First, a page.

Topics in Syntax - LING8470

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Module delivery information

Location Term Level1 Credits (ECTS)2 Current Convenor3 2023 to 2024
Spring Term 7 15 (7.5) Laura Bailey checkmark-circle


This course will explore a specific model of formal syntactic theory: Minimalism. By investigating some of the core issues developed within the Minimalist Program, such as the role of phrase structure, the central role of movement processes and the mechanisms which are responsible for them, students will have the opportunity to examine how the Minimalist framework can account for the differences and similarities found in languages, in which ways it is controversial and the assumptions it makes regarding the interaction of syntax with other linguistic components (morphology/semantics/pragmatics). Focusing on a specific model will give students the opportunity to consider in depth not only its methods and its aims, but also the proper nature of syntactic argumentation. The investigation will entail both theoretical and descriptive perspectives, thus emphasizing the importance of description in supporting and testing theory. As such, students will be encouraged to evaluate theoretical claims in the light of observations drawn from a wide range of languages.


Contact hours

Total Contact Hours: 20
Private Study Hours: 130
Total Study Hours: 150

Method of assessment

Main assessment methods

• Exercise-based task 1 – 25%
• Exercise-based task 2 – 25%
• Critical review (1,500 words) - 50%

Reassessment methods

Reassessment instrument: 100% coursework:

Indicative reading

Indicative Reading List

Adger, D. (2003). Core Syntax: A Minimalist Approach. Oxford: Oxford University Press
Boeckx, C. (2006). Linguistic Minimalism: Origins, Concepts, Methods, and Aims. Oxford: Oxford University Press
Hornstein, N., Nunes, J. & Grohmann, K. K. (2005). Understanding Minimalism: An Introduction to Minimalist Syntax. Cambridge: Cambridge University Press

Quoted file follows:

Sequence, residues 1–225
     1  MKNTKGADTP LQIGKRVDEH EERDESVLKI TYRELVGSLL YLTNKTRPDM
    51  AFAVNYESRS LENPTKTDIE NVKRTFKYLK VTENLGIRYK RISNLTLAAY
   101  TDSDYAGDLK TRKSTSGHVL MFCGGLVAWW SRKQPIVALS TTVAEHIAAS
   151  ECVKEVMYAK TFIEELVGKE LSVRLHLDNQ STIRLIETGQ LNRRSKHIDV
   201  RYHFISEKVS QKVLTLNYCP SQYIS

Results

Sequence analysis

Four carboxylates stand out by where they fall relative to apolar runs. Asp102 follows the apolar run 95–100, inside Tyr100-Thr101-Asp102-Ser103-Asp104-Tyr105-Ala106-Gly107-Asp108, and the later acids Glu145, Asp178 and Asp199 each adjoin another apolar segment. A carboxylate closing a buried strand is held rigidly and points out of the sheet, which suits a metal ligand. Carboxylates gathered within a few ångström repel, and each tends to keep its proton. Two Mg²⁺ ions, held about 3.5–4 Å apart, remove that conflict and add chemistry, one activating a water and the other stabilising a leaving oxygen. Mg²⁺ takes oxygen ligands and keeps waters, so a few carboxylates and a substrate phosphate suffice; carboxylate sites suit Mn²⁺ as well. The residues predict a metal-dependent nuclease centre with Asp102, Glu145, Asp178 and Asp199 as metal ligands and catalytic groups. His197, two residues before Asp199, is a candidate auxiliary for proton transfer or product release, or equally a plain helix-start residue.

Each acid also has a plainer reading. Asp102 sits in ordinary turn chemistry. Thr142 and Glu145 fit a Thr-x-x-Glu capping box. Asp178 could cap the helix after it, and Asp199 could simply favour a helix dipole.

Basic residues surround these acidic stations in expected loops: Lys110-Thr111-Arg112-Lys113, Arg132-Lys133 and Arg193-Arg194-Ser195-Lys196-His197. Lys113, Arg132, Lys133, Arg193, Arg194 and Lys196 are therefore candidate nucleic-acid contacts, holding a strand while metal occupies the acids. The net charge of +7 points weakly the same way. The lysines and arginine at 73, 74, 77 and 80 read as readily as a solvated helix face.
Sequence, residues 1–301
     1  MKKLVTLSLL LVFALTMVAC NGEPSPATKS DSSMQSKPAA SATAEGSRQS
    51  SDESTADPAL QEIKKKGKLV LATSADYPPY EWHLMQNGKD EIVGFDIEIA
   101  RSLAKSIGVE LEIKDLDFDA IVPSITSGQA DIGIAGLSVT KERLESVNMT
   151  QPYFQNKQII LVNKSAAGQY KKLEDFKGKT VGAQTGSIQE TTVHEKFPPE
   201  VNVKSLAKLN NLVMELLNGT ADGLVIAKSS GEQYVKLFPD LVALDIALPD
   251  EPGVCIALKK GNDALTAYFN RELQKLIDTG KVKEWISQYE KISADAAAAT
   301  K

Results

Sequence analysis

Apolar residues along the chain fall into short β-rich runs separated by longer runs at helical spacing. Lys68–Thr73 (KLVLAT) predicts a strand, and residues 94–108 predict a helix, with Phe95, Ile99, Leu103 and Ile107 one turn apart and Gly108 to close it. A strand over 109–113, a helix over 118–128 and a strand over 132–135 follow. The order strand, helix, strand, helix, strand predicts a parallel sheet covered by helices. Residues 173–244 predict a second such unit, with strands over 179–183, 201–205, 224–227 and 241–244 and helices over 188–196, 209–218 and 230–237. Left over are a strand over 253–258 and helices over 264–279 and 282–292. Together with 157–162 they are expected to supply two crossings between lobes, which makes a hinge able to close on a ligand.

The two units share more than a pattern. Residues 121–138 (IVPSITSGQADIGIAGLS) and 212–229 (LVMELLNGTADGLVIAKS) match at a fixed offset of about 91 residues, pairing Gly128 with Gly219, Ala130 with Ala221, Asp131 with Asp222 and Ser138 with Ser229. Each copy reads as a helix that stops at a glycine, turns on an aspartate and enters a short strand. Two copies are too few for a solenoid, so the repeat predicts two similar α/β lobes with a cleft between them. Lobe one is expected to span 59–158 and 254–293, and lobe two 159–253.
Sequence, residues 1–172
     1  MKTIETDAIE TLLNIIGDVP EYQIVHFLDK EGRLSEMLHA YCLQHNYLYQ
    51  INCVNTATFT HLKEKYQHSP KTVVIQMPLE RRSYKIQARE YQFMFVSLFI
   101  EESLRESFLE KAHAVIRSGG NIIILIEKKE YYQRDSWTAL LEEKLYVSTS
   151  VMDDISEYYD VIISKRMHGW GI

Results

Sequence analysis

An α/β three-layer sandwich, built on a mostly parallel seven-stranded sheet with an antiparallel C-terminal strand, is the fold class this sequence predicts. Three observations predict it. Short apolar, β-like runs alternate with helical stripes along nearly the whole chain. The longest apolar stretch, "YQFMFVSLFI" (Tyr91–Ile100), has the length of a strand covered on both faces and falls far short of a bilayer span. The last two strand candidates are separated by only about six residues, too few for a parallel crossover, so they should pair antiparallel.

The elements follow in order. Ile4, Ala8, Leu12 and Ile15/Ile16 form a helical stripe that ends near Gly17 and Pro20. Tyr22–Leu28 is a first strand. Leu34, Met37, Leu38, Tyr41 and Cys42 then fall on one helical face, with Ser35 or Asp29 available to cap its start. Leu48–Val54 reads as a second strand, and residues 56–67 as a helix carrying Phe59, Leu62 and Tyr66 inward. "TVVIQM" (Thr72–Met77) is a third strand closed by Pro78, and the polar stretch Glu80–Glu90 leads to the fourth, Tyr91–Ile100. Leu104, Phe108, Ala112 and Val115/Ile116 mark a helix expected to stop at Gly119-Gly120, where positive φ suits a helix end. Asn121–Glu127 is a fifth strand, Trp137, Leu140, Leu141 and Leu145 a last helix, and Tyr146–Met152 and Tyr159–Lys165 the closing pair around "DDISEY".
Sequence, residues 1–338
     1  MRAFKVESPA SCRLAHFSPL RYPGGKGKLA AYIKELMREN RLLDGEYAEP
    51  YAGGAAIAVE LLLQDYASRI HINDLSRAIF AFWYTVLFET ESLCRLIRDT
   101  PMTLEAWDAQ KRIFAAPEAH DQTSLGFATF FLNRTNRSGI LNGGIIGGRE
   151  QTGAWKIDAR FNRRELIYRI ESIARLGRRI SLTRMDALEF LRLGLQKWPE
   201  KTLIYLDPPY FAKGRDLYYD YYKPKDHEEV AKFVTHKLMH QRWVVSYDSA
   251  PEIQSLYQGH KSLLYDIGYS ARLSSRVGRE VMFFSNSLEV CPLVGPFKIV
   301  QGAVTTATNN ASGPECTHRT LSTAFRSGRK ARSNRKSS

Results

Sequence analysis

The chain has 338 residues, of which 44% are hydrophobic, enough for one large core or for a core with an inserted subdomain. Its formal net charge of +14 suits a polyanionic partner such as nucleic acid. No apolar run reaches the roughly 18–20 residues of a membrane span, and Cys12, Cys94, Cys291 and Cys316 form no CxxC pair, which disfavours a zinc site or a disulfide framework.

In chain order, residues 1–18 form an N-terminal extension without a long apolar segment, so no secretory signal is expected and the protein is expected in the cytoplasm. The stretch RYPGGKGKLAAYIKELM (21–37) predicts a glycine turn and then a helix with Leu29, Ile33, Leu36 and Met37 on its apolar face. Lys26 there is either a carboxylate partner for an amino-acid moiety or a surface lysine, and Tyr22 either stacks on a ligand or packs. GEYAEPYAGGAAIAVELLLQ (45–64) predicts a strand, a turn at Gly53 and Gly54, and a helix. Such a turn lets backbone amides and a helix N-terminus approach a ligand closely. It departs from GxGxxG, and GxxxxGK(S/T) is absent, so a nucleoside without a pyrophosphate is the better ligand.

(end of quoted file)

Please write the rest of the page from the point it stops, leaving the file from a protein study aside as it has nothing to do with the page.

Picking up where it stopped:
Lasnik, H., Uriagereka, J. & Boeckx, C. (2005). A Course in Minimalist Syntax: Foundations and Prospects Oxford: Blackwell
Van Gelderen, E. (2013). Clause Structure. Cambridge: Cambridge University Press.

See the library reading list for this module (Canterbury)

Learning outcomes

The intended subject specific learning outcomes.
On successfully completing the module students will be able to:

1 Demonstrate a systematic understanding of the central areas of syntactic thought, as well as the basics of empirical enquiry;
2 Demonstrate comprehensive skills in using syntactic tree-drawing techniques, the purpose of which is to provide a comprehensive representation of syntactic
constituency and operations;
3 Demonstrate a critical awareness and understanding of the theory and methods used to develop lines of argument and conduct theoretically informed cross-linguistic
analyses of data;
4 Critically evaluate the extent to which the linguistic theory they have been introduced to can both describe and explain the syntactic properties of the data with which they
have been presented.

The intended generic learning outcomes.
On successfully completing the module students will be able to:

1 Demonstrate their capacity for critical and original thought;
2 Demonstrate fluent writing skills, that enable them to clearly communicate ideas and analysis to specialist and non-specialist audiences;
3 Show honed time management skills, and the ability to take initiative and personal responsibility for their own learning.


  1. Credit level 7. Undergraduate or postgraduate masters level module.
  2. ECTS credits are recognised throughout the EU and allow you to transfer credit easily from one university to another.
  3. The named convenor is the convenor for the current academic session.
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